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Riparian spiders as sentinels of polychlorinated biphenyl contamination across heterogeneous aquatic ecosystems

Overview of attention for article published in Environmental Toxicology & Chemistry, December 2016
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About this Attention Score

  • In the top 25% of all research outputs scored by Altmetric
  • High Attention Score compared to outputs of the same age (87th percentile)
  • High Attention Score compared to outputs of the same age and source (94th percentile)

Mentioned by

news
1 news outlet
twitter
7 tweeters
facebook
4 Facebook pages
wikipedia
1 Wikipedia page

Citations

dimensions_citation
14 Dimensions

Readers on

mendeley
27 Mendeley
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Title
Riparian spiders as sentinels of polychlorinated biphenyl contamination across heterogeneous aquatic ecosystems
Published in
Environmental Toxicology & Chemistry, December 2016
DOI 10.1002/etc.3658
Pubmed ID
Authors

Johanna M. Kraus, Polly P. Gibson, David M. Walters, Marc A. Mills

Abstract

Riparian spiders are being used increasingly to track spatial patterns of contaminants in and fluxing from aquatic ecosystems. However, our understanding of the circumstances under which spiders are effective sentinels of aquatic pollution is limited. Here we test the hypothesis that riparian spiders may be effectively used to track spatial patterns of sediment pollution by polychlorinated biphenyls (PCBs) in aquatic ecosystems with high habitat heterogeneity. We found that spatial pattern of ΣPCB concentrations in two common families of riparian spiders sampled in 2011-2013 generally tracked spatial variation in sediment ΣPCBs across all sites within the Manistique River Great Lakes Area of Concern (AOC), a rivermouth ecosystem located on the south shore of the Upper Peninsula, Manistique, MI, that includes harbor, river, backwater, and lake habitats. TOC-normalized sediment ΣPCB concentrations explained 41% of the variation in lipid-normalized spider ΣPCB concentrations across 11 sites. Furthermore, two common riparian spider taxa (Araneidae and Tetragnathidae) were highly correlated (r(2)  > 0.78) and had similar mean ΣPCB concentrations when averaged across all years. Our results indicate that riparian spiders may be useful sentinels of relative PCB availability to aquatic and riparian food webs in heterogeneous aquatic ecosystems like rivermouths where habitat and contaminant variability may make using aquatic taxa less effective. Furthermore, our approach appears robust to heterogeneity in shoreline development and riparian vegetation that support different families of large web-building spiders. This article is protected by copyright. All rights reserved.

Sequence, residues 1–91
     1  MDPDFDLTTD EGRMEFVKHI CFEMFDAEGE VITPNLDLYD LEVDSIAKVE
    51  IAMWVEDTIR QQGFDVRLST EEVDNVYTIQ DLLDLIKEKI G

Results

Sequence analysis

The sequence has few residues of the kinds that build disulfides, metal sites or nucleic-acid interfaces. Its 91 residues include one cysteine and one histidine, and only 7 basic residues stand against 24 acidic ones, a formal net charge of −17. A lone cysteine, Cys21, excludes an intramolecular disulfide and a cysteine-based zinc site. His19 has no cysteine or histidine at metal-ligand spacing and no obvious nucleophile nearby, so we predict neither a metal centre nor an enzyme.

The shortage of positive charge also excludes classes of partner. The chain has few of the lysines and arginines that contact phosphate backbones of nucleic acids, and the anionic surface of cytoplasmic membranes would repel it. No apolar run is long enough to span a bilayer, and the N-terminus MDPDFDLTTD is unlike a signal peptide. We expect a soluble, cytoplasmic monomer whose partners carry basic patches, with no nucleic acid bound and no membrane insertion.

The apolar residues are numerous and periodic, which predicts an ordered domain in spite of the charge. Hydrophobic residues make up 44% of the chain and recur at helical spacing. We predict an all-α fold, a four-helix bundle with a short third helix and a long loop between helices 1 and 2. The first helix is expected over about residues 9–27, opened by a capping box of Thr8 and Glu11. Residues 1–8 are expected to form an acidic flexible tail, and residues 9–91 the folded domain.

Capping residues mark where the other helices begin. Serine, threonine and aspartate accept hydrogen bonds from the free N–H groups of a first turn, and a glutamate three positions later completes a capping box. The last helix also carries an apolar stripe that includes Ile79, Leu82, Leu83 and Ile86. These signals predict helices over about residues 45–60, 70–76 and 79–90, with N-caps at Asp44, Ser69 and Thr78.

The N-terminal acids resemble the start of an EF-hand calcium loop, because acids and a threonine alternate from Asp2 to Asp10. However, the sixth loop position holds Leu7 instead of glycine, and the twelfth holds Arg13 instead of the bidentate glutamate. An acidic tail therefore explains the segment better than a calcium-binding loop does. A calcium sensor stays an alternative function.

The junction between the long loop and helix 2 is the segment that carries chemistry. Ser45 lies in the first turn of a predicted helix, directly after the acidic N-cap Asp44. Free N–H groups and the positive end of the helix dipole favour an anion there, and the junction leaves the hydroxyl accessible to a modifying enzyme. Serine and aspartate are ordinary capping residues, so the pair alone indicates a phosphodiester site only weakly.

Twitter Demographics

The data shown below were collected from the profiles of 7 tweeters who shared this research output. Click here to find out more about how the information was compiled.

Mendeley readers

The data shown below were compiled from readership statistics for 27 Mendeley readers of this research output. Click here to see the associated Mendeley record.

Geographical breakdown

Country Count As %
Unknown 27 100%

Demographic breakdown

Readers by professional status Count As %
Student > Bachelor 5 19%
Other 4 15%
Student > Master 4 15%
Student > Doctoral Student 3 11%
Student > Ph. D. Student 3 11%
Other 3 11%
Unknown 5 19%
Readers by discipline Count As %
Environmental Science 9 33%
Agricultural and Biological Sciences 7 26%
Chemistry 3 11%
Social Sciences 1 4%
Neuroscience 1 4%
Other 1 4%
Unknown 5 19%

Attention Score in Context

This research output has an Altmetric Attention Score of 15. This is our high-level measure of the quality and quantity of online attention that it has received. This Attention Score, as well as the ranking and number of research outputs shown below, was calculated when the research output was last mentioned on 19 December 2020.
All research outputs
#1,583,298
of 17,977,824 outputs
Outputs from Environmental Toxicology & Chemistry
#206
of 4,900 outputs
Outputs of similar age
#38,065
of 302,640 outputs
Outputs of similar age from Environmental Toxicology & Chemistry
#6
of 86 outputs
Altmetric has tracked 17,977,824 research outputs across all sources so far. Compared to these this one has done particularly well and is in the 91st percentile: it's in the top 10% of all research outputs ever tracked by Altmetric.
So far Altmetric has tracked 4,900 research outputs from this source. They receive a mean Attention Score of 4.9. This one has done particularly well, scoring higher than 95% of its peers.
Older research outputs will score higher simply because they've had more time to accumulate mentions. To account for age we can compare this Altmetric Attention Score to the 302,640 tracked outputs that were published within six weeks on either side of this one in any source. This one has done well, scoring higher than 87% of its contemporaries.
We're also able to compare this research output to 86 others from the same source and published within six weeks on either side of this one. This one has done particularly well, scoring higher than 94% of its contemporaries.